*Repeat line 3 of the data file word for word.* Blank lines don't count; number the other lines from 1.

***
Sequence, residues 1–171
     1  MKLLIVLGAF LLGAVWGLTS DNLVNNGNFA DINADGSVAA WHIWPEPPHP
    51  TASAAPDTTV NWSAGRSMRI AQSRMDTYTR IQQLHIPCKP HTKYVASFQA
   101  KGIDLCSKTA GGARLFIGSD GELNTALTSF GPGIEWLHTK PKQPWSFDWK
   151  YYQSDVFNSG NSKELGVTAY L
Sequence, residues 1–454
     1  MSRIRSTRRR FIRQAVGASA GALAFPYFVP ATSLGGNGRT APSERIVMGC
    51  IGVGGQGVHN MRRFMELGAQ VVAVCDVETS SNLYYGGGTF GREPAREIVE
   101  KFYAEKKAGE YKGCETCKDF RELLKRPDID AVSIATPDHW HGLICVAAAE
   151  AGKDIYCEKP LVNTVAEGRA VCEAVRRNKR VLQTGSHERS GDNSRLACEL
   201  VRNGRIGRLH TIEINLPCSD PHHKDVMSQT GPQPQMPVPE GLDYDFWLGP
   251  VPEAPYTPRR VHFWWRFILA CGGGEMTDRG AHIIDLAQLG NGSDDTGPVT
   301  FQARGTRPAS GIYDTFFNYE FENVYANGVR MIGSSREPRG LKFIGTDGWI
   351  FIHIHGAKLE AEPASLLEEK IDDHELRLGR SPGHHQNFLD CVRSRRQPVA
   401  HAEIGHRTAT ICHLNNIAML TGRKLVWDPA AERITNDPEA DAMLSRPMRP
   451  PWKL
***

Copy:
    51  TASAAPDTTV NWSAGRSMRI AQSRMDTYTR IQQLHIPCKP HTKYVASFQA